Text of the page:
Cameron Bancroft exposes what no one knew about the cricket ball-tampering scandal.

Cameron Bancroft has revealed exactly what happened on the day the Australian cricket team was exposed as cheating in a test match against South Africa in March.

In an interview with Adam Gilchrist that aired during the Boxing Day Test on Fox Cricket, the 26-year-old confirmed review findings, but also exposed the extent of the pressure he felt to participate in the ball-tampering.

Sensationally, the West Australian said he would have felt just as guilty if he refused to rub the ball with sandpaper that day in Cape Town.

Bancroft was banned from playing cricket for nine months, while then captain Steve Smith and vice-captain David Warner were suspended for 12 months for their role in the scandal.

Steve Smith recently appeared in a Vodafone advertisement, speaking about coming back from mistakes…

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On Wednesday, Bancroft confirmed it was Warner who asked him to rub the ball with sandpaper to improve their chances of collecting wickets, and said that he agreed because he “just wanted to fit in and feel valued”.

“Dave (Warner) suggested to me to carry the action out on the ball given the situation we were in in the game and I didn’t know any better,” he told Gilchrist. “I didn’t know any better because I just wanted to fit in and feel valued, really — as simple as that.

“The decision was based around my values, what I valued at the time and I valued fitting in … you hope that fitting in earns you respect and with that, I guess, there came a pretty big cost for the mistake.”

Bancroft, who had only played eight matches of test cricket, said that he actually would have felt just as bad if he had refused to cheat and the team had lost – exposing the extent of the team’s apathy towards ball-tampering.

“I would have gone to bed and I would have felt like I had let everybody down. I would have felt like I had let the team down. I would have left like I had hurt our chances to win the game of cricket.”

Bancroft said he was as pleased as anyone when the scandal prompted a review into cricket practices.

“It brings an amazing opportunity to do something about it. Only Cricket Australia will know if they are being true to themselves, to be able to own up to some of those recommendations.”


The young cricketer will make his return to the sport as a member of the Big Bash League Perth Scorchers when his ban ends on 29 December.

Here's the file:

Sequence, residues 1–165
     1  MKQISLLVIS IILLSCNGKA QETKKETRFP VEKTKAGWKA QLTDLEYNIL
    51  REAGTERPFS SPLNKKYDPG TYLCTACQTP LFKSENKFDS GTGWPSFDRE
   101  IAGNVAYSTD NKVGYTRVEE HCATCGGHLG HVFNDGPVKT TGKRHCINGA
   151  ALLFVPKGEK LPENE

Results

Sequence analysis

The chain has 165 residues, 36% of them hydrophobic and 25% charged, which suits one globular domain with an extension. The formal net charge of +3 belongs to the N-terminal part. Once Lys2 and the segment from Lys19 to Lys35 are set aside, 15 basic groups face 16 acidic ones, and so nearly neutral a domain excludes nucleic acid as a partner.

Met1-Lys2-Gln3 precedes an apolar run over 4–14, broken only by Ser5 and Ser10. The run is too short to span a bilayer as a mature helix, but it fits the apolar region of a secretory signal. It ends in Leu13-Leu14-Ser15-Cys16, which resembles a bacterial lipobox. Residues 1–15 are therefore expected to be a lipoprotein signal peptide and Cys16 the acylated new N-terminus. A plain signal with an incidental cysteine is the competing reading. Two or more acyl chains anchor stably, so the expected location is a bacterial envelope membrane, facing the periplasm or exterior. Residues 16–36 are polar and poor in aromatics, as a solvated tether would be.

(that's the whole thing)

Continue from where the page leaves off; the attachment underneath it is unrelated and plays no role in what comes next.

Steve Smith says he was told ‘we pay you to win’.

Steve Smith was also interviewed about the scandal during an interview that aired on Fox Cricket on Boxing Day.

He told Adam Gilchrist that where he saw the culture of the cricket team start to change for the worse was after a test match two years earlier when they lost, ironically, to South Africa in 2016.

“I remember James Sutherland (chief executive) and Pat Howard (high performance manager) coming into the rooms there and saying ‘we don’t pay you to play, we pay you to win’,” Smith told Gilchrist.

David Warner Steve Smith cricket
David Warner and Steve Smith. Image: Getty.

"For me that was a little bit disappointing, we don’t go out there to try lose games of cricket, we go out there to try and win and play the best way we can."

It's an insight into how a win-at-any-cost mentality was able to develop among the players, which ultimately resulted in the biggest scandal Australian cricket has ever been a part of.

A review of the day's events found that while Warner concocted the plan and Bancroft carried it out, Smith had 'knowledge of a potential plan', but failed to act of that knowledge.

He described it to Gilchrist as: "I saw the potential for something to happen out in the middle. I didn’t particularly know that it was going to happen but at that point I said 'I don’t want to know about it'. That was my failure of leadership."

"That's where I should have said 'what are you guys doing? Stop it, this isn't on'."

Dave Warner hasn't publicly spoken about the ball-tampering scandal since apologising for his part during a press conference in March.